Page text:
This sophisticated and masculine pair of 19th Century Italian patinated bronze Roman warriors are exemplary of exquisite metal sculpting. Each soldier stands proudly on a block of luxurious Sienna marble, a form of marble linked to ancient Rome, used mostly in architecture and artistic fields. The pale yellow and beige tones of the marble perfectly contrast the darkness of the patinated bronze.
Both soldiers are fighting almost entirely in the nude. This was known as heroic nudity and was a concept in classical studies to describe the unrealistic use of nudity in sculpture. Ancient Romans often used bodies that were young and athletic, while older bodies were rarely seen.
Each soldier has also been lightly decorated with distinct Roman military equipment, setting them apart as enemies, rather than comrades. One clear indicator of this is the emblems adorned on their shields. Each of the soldiers carries the classic “Argive” shield, which protected its owner in battle while also showing his allegiance to a leader or city-state. The purpose of the figures often engraved on the exterior was also meant to strike fear into the enemy. One of these Ancient Roman soldiers carries an Argive shield with the head of Medusa. According to the legend, Medusa possessed the deadly power to turn those who looked at her into stone. To successfully slay her, the ancient hero Perseus used the reflective surface of his shield, which was given to him by the goddess, Venus. However, even after death, Medusa’s head still retained its petrifying powers. Due to this, the severed head became both a protective talisman used on warriors’ shields as well as a symbolic way to enforce Venus’ power of victory.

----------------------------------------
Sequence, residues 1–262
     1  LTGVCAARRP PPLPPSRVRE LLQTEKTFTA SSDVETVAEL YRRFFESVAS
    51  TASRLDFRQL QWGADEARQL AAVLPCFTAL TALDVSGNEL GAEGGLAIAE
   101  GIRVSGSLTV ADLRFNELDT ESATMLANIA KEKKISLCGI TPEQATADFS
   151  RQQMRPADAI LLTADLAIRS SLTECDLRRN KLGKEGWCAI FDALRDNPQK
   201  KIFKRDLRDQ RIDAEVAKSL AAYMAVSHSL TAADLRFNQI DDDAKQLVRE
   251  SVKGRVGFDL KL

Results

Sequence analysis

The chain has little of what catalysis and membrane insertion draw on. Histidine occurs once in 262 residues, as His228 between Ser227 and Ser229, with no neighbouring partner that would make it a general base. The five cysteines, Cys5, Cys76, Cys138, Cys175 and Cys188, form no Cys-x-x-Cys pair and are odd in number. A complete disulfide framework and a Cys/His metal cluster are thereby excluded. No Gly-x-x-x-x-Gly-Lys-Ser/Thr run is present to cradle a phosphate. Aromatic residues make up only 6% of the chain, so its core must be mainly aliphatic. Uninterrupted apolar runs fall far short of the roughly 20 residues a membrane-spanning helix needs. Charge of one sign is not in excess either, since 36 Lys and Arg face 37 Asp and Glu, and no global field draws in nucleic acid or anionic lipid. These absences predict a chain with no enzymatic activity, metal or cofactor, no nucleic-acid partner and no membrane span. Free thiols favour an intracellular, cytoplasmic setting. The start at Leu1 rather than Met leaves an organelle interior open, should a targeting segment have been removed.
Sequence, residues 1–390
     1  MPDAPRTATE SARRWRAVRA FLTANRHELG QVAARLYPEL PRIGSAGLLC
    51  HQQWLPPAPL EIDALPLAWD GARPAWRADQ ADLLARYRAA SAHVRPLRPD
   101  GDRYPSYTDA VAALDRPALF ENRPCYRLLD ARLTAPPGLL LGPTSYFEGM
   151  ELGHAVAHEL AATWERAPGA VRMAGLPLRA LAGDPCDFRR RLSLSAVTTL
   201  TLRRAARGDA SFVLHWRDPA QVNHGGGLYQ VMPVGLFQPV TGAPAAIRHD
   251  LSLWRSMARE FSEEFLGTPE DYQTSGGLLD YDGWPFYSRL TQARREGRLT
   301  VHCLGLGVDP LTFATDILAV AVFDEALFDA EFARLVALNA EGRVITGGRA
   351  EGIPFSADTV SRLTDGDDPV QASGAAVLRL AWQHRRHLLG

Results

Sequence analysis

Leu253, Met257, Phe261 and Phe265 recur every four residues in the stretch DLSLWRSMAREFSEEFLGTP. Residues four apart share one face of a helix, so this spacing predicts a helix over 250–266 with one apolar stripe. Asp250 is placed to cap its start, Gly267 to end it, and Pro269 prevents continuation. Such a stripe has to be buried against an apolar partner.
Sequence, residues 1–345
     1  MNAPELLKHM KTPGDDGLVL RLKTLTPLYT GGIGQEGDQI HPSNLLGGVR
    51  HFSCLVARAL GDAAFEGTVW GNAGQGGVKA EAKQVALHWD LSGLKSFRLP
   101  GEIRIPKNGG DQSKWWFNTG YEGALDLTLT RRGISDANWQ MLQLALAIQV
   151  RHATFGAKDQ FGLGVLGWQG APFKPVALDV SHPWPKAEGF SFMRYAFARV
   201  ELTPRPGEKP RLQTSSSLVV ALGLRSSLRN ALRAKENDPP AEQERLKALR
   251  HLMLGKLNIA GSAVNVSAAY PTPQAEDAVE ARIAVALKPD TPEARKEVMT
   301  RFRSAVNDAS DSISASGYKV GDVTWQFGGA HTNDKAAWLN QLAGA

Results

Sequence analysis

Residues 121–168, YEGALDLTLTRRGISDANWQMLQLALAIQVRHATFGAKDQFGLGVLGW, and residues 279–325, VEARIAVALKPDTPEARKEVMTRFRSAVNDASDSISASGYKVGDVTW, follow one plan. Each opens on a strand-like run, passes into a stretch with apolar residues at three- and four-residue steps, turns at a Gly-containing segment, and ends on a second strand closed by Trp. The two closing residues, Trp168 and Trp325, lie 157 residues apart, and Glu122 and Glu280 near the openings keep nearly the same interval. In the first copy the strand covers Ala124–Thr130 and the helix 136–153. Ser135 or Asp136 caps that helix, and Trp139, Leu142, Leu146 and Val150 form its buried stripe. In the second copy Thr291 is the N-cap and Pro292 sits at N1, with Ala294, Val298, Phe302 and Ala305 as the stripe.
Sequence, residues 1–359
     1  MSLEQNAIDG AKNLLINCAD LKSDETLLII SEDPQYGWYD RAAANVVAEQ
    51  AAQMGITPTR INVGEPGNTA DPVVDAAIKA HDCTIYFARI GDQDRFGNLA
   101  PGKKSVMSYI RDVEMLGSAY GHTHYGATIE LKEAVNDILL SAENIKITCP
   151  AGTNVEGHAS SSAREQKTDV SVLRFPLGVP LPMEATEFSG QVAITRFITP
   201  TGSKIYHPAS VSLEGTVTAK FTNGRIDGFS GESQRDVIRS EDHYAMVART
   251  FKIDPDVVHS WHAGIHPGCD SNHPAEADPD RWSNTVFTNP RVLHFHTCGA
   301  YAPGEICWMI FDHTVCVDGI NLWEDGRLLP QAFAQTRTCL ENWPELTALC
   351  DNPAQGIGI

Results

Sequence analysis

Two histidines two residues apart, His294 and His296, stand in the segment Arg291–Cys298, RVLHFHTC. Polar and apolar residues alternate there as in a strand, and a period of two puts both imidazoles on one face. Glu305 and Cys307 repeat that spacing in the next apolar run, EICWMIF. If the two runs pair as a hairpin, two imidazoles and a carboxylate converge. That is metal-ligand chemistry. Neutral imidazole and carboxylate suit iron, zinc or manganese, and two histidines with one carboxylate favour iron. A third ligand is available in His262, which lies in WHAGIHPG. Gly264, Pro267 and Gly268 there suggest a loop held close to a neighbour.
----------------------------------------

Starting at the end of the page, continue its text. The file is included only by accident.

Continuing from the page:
While each soldier holds a shield, their choice of weaponry differs as well. The soldier with the Medusa shield holds a pilum, a heavy throwing spear that was used by only skilled Romans. It is poised in a striking position, while the opposing soldier’s gladius sword has been struck down in defeat. Even though the soldiers both carry gladius swords, the warrior with the pilum has his sword sheathed in his balteus, a type of baldric. The sculptor has used minute detailing and has created floral-like engravings to mimic the ornamental decoration that a Roman soldier would typically have on a balteus.
Atop both of their heads are open helmets, each with a plume sticking out of the top. The purpose of the plume was to make the soldiers look taller and more intimidating to their enemies. Oftentimes, the plumes were not symbolic of rank, allowing anonymity and uniformity among troops.
Even though these figurines are still, the lines, fine detail, and poses make them dynamic. It becomes a scene of perseverance, bravery, and even heroism. The straight lines of the bodies contrast beautifully with the soft curves of the capes and helmets. There is such detail in these castings, even the handle to the gladius has an embellished animal head casting. While small, these figurines have a large presence. They would be perfect as bookends, flanking a picture frame, or even decorative items in an office. Wherever they are placed though, they are bound to gain attention.
Overall approx dimensions for each: H= 7 in. W=5 in. D= 3 in. 3.5 lbs. ea. total weight= 7 lbs.
Marble base dimensions only: H= .75 in. W= 4.5 in. D= 2.375 in.